Whether you’re getting down and dirty for an intense spring cleaning or just keeping up with your daily duties you’ll probably reach for a bottle of something to clean, deodorize, or disinfect. But what are you leaving behind once you’ve “cleaned” the surface? Many of us may not think about common household cleaners as being a health threat, unless consumed. But, there are known health hazards associated with many of these products. In addition to health concerns, what goes down the drain also impacts the environment. You may be surprised to learn that there are many natural, yet effective products you can use to clean your home and belongings. Some of them are probably already in your kitchen or pantry.

Common Ingredients in Non-Green-Cleaners

Bleach is probably the most common and inexpensive household cleaner. It will appear on disinfectant products as ‘sodium hypochlorite’. The fumes can be irritating to the lungs and can lead to asthma-like symptoms. Skin contact should also be avoided. Use caution when cleaning with multiple products as mixing bleach with ammonia causes the toxic gas chloramine to form. Mixing bleach with acids, including vinegar and ingredients in other cleaning products, can cause chlorine gas to be given off. High levels of exposure can cause chest pain, breathing problems, pneumonia and fluid in the lungs. The making and use of chlorine bleach also releases toxins into the environment, which can accumulate in animals and people over time.

VOCs (volatile organic compounds) are present in many household cleaners. They are smog forming chemicals that evaporate into the air and can cause eye and respiratory irritation.

Ammonia is a common ingredient in glass cleaners. It can irritate the eyes, skin, and lungs, and may cause headaches. Again, never mix ammonia with bleach due to the toxic gas that forms.

Petroleum distillates work to dissolve oil and grease, but are highly flammable and very dangerous if swallowed or if the fumes are inhaled. Long term exposure may damage the nervous system, skin, kidneys, and eyes.

Phosphates, now banned in many areas, are used as water softening agents and used to be common in many detergents. They negatively impact the environmental health of lakes by causing algae overgrowth, which reduces available oxygen for fish.

Formaldehyde is used as a preservative in many products and is a suspected carcinogen.

This is just a very tiny list when it comes to the hundreds of potentially harmful chemicals and compounds we use every day to clean our home, belongings, and even our bodies. Besides the obvious health hazards these compounds present, they can also cause more subtle health effects such as fatigue, mental fogginess, and allergy-like symptoms.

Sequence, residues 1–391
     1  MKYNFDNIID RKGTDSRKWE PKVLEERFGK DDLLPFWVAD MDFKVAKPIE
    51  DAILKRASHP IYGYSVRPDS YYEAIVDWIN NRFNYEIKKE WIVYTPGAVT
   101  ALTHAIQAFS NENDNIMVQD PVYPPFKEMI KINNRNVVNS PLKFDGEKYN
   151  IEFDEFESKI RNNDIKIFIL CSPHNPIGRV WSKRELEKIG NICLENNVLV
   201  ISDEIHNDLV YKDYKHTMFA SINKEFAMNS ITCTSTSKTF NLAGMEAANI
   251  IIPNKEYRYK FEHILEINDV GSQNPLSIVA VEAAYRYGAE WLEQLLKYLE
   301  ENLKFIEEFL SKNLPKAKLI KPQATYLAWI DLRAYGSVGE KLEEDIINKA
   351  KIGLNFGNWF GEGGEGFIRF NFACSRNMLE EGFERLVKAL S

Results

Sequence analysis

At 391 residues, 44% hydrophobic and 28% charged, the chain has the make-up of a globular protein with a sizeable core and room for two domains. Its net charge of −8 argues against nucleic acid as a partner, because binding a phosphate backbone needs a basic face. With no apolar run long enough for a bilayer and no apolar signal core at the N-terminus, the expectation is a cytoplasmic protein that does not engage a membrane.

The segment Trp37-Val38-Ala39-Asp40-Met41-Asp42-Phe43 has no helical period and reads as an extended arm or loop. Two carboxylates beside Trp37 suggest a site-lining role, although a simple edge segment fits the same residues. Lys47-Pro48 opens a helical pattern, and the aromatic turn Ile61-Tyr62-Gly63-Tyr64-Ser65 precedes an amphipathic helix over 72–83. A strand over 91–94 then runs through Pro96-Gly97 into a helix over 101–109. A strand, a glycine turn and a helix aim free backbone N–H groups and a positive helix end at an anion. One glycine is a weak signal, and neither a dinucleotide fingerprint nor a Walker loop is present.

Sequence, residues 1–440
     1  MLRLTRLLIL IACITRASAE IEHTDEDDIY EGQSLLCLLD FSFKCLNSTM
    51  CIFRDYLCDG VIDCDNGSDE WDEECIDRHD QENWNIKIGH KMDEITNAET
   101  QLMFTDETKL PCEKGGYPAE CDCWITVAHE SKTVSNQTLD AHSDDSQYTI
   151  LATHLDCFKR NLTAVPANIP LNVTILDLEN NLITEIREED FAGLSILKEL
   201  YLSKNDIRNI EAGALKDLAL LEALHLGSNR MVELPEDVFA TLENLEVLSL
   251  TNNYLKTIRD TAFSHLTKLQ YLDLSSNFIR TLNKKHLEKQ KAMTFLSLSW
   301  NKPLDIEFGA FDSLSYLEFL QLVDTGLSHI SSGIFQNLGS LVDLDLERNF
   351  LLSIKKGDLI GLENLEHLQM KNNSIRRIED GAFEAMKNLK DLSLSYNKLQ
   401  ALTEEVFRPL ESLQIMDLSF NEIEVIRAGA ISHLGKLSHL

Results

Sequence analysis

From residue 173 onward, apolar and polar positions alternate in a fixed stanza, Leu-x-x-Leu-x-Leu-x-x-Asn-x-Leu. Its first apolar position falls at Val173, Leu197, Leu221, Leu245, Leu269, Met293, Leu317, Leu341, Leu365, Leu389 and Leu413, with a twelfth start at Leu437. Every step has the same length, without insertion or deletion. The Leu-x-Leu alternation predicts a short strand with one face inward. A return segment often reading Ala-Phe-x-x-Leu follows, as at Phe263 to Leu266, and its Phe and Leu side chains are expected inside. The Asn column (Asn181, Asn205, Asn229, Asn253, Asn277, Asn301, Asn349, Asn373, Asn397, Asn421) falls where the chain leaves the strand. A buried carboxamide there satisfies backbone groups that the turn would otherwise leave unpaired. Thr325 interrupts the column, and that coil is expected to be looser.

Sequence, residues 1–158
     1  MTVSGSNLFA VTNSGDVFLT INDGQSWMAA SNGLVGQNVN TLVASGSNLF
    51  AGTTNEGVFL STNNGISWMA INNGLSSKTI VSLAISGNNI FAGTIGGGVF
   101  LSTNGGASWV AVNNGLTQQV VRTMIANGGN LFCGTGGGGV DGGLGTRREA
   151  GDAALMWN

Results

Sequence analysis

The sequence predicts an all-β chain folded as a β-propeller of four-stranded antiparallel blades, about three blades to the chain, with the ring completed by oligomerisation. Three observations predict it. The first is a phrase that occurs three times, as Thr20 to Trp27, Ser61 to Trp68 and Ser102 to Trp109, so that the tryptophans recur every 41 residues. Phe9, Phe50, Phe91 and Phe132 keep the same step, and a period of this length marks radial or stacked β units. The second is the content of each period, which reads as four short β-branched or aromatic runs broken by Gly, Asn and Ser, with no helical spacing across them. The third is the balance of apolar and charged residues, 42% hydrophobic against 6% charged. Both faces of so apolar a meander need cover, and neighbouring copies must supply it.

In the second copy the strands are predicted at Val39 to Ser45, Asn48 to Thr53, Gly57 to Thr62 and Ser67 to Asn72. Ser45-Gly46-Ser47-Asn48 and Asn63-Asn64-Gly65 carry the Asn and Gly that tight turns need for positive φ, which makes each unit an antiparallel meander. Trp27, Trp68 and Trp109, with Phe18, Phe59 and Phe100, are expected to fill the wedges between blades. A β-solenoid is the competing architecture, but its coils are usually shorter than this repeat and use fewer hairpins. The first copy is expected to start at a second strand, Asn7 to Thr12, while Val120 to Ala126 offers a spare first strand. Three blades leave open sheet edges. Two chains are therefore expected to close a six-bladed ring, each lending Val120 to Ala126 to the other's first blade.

Green Cleaning Alternatives

There are plenty of products available that are effective green cleaners. You can find green household cleaners and other necessary products for dishes, laundry, and other household and personal needs. These products can be found in most natural retail stores and more increasingly in traditional market places. Some green cleaning product lines include Seventh Generation, Ecover, Life Tree, Earth Friendly Products, New Age, and Bio-Pac, just to name a few. There are many choices, so try a few and see what works best for you and your family’s needs.

A few things to look for when shopping for green cleaning products:

– Biodegradable and not toxic to animals or humans

– Recycled, recyclable, or refillable containers

– VOCs concentrations of less than 10% when diluted for use

– Works in cold water washes

– Free of chlorine bleach or sodium hypochlorite

– Low or no phosphates, less than .5%

Make Your Own You can also make your own green cleaning solutions with a few simple ingredients you may already have on hand.

All purpose cleaner – 4 tablespoons baking soda dissolved in 1 quart warm water. Apply with sponge and rinse with clear water. You may also apply the baking soda directly on a damp sponge for heavy duty cleaning.

A paste for scrubbing can be made using salt, water, and a little vinegar.

Toilet bowl cleaner – Sprinkle baking soda into the toilet, add vinegar, and scour with brush.

Furniture cleaner and polish – 3 cups olive oil and 1 cup vinegar mixed well and applied with a clean, soft cloth.

Glass cleaner – Mix together 2 tablespoons vinegar in 1 quart water or you may mix equal parts rubbing alcohol and water.

You can add essential oils, such as lavender and tea tree oil to the basic cleaning recipes to boost their cleaning and disinfecting power. Grapefruit seed extract (not to be confused with grape seed extract) is a natural antimicrobial agent that can also be added to kill germs. It is non-toxic to humans and animals and can even be taken internally to treat a variety of health problems. You can make an all purpose antiseptic cleaner by adding 30-60 drops of grapefruit seed extract to 32 ounces of water.

By incorporating green alternatives into your cleaning routine, you can help reduce your exposure to harmful chemicals and also do some good for the environment.



Seventh Generation

Clean Air Counts

Mississippi State University Extension Office

New Jersey Department of Health

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